Everyone has comfort foods.  Some are better for us than others.  Borscht was one of my favourites as a kid.  My mom would make it in the BIG soup pot, it would simmer for hours on end.  Once she took it off the stove, the pot was way too big to put in the fridge, so it would sit out on the kitchen balcony or in the garage waiting for it to come down in temperature so that Tupperware containers could be filled and frozen for easy-to-grab family winter weekend lunches.

The debate I have gotten into as an adult is, is this really borscht?  When you Google “borscht” you often get a recipe that has beets in it, or beef…this has neither.  Mom tells me she learned how to make this from “the Russian Immigrants in Greenwood”  – almost like that is what their name tags said… When looking at all the various European versions on Wikipedia I think that this is kind of borscht, an adaption of many versions.

Alas, whatever you call it: Tomato/Cabbage soup, or winter borscht, or just ‘yum’, this soup is easy, tasty and full of good for you ingredients.  If you like tomatoes and simple soup, you may like this.  Serve it up with a dollop of low-fat sour cream and crust bread and it is delsih!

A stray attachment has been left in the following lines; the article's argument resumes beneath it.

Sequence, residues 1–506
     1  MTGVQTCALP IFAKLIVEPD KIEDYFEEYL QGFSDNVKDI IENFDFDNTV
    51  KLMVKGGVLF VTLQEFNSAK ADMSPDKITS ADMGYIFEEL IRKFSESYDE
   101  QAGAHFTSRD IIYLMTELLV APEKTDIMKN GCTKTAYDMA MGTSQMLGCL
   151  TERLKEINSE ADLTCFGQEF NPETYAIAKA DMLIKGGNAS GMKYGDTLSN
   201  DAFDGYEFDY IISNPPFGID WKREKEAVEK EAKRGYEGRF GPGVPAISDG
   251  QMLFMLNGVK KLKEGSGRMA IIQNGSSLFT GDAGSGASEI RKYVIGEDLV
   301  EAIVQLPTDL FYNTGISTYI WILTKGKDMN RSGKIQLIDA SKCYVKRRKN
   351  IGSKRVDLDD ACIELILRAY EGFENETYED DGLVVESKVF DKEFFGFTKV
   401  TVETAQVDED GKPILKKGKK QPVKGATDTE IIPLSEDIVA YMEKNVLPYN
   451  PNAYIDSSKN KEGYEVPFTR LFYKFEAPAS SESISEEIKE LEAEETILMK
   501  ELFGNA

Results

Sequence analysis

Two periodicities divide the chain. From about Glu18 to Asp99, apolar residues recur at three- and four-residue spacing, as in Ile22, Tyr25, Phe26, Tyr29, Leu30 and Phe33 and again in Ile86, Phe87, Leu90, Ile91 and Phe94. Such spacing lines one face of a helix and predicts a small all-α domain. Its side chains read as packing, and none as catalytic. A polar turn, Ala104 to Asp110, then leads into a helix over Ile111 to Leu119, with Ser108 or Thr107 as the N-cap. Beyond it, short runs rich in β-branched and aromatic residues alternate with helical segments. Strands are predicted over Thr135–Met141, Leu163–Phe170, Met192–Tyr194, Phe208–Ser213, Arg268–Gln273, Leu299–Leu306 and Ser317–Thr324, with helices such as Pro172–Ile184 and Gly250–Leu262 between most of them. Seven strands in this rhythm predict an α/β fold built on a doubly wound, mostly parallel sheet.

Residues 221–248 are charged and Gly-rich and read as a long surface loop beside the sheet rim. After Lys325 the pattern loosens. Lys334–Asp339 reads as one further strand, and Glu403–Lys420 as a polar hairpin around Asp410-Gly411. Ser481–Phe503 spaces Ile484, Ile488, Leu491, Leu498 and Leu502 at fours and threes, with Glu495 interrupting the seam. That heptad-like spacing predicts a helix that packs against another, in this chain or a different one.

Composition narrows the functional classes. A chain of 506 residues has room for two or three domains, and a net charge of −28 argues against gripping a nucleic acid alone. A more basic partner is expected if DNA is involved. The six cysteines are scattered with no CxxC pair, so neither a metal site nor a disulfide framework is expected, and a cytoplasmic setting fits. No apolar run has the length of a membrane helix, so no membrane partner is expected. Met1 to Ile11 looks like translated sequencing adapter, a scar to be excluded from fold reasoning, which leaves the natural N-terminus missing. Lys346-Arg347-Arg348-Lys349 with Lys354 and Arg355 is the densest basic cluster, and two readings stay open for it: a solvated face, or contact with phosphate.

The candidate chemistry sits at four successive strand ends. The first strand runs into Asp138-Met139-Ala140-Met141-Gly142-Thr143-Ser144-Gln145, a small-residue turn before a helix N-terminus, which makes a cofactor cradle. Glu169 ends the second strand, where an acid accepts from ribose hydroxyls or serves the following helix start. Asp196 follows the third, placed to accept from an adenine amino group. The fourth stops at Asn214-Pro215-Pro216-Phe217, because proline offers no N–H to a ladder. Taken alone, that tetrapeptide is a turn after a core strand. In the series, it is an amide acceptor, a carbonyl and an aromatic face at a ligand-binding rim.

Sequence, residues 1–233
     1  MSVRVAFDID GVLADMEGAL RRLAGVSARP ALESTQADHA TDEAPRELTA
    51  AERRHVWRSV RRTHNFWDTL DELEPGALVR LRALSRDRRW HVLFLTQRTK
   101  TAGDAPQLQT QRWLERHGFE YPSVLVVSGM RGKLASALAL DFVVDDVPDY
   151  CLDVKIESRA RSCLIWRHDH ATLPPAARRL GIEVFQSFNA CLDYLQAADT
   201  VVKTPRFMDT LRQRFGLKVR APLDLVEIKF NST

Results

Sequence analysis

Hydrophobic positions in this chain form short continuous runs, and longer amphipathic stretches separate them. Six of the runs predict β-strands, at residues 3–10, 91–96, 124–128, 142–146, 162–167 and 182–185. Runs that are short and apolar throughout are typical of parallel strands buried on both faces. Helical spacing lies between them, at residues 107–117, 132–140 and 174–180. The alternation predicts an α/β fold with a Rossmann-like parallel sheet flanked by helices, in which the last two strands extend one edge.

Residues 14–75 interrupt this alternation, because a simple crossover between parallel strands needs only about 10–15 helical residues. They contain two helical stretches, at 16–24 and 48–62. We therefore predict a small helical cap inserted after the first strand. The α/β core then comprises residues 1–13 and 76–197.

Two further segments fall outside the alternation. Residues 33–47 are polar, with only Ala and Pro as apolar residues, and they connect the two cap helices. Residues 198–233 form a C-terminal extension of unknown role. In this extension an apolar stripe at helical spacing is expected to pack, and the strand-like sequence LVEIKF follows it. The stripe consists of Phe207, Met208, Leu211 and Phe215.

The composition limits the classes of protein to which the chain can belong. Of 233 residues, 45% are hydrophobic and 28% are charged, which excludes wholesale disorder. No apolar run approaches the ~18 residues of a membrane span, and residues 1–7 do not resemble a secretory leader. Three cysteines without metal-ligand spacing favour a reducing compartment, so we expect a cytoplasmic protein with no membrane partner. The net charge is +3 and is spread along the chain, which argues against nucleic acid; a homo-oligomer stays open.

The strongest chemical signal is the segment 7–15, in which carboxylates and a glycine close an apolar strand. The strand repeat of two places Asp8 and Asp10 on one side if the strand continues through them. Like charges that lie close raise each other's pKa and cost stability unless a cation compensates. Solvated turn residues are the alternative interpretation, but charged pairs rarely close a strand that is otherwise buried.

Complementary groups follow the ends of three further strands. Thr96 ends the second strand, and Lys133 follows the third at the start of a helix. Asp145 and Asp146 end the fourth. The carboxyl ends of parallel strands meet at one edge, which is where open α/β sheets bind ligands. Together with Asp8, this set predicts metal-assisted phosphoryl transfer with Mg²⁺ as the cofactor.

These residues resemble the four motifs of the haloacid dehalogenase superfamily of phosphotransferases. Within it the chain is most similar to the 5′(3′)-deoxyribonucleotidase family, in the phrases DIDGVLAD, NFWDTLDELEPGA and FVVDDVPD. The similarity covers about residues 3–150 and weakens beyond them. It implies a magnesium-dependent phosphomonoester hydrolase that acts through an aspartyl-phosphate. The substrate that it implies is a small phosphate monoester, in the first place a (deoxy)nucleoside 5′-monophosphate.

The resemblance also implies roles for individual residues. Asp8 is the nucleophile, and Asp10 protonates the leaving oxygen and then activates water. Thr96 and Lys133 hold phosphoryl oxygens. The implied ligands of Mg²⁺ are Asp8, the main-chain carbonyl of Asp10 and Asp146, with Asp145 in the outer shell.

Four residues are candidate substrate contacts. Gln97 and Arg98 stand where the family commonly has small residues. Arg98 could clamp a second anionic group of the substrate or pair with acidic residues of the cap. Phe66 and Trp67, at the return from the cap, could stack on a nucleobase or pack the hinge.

I know it isn’t much to look at – but really, what do you expect from cabbage?  This soup is best served the next day once all the flavours intensify and settle together.  I’ve also scaled it down and made it a little more manageable…enough to serve 6, or provide lunch throughout the week for TB and I.

borscht
Ingredients:

2 tbsp margarine
2 medium yellow onions, diced
4 celery ribs, sliced
2 cups grated carrots
1/2 green cabbage, shredded
1 L canned tomatoes – used my last jar from the summer!
1 L beef or veggie stock
1 russet baker potato, grated
2 bay leaves
2 tsp salt
(salt and pepper to taste as needed)

Directions

  1. In a dutch oven, melt margarine and saute onions for 3-4 minutes on medium-high.
  2. Add shredded cabbage, carrots, and celery to pot.  Allow to saute for about 8-10 minutes.
  3. Add canned tomatoes, break up with a wooden spoon.
  4. Add stock – should cover veggies – allow to simmer for 20 minutes.
  5. Add grated potatoes, salt and bay leaves.  Cover and simmer for 2 hours over low heat, stirring occasionally.  Watch the heat, if you simmer too high you will burn your veggies.
  6. Remove from heat and remove bay leaves. Allow to come to room temperature before putting in fridge.
  7. Reheat and serve the day after.  As mentioned, you could add a dollop of sour cream when you serve it.

Serves 6.
WW3

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